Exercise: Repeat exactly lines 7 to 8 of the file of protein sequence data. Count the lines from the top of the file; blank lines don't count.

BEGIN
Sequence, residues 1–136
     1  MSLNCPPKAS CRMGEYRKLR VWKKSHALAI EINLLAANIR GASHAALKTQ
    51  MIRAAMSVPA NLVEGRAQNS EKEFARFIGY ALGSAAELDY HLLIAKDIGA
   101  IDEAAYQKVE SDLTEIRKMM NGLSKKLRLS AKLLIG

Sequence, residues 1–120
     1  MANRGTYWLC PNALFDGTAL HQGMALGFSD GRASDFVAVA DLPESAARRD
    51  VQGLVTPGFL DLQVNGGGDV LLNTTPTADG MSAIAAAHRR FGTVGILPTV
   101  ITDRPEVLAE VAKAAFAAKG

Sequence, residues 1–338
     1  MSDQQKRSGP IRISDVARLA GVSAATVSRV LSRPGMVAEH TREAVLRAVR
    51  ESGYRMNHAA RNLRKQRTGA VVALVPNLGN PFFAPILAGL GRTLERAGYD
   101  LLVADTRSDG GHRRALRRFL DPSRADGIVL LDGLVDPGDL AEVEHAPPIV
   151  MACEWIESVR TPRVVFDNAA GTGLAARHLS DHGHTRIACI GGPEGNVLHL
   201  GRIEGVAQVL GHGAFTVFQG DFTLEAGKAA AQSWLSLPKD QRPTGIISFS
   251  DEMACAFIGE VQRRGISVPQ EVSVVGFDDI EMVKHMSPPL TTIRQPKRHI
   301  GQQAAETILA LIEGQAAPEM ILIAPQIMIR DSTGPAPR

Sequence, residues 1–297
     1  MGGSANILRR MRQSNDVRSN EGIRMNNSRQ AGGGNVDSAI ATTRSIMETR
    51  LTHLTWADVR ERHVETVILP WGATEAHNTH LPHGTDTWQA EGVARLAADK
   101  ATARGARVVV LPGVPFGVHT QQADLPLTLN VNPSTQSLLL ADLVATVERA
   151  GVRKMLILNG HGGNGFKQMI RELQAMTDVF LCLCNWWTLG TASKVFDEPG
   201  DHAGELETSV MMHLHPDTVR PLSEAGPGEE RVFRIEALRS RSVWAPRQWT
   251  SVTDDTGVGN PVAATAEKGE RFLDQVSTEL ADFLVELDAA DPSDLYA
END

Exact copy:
    51  VQGLVTPGFL DLQVNGGGDV LLNTTPTADG MSAIAAAHRR FGTVGILPTV
   101  ITDRPEVLAE VAKAAFAAKG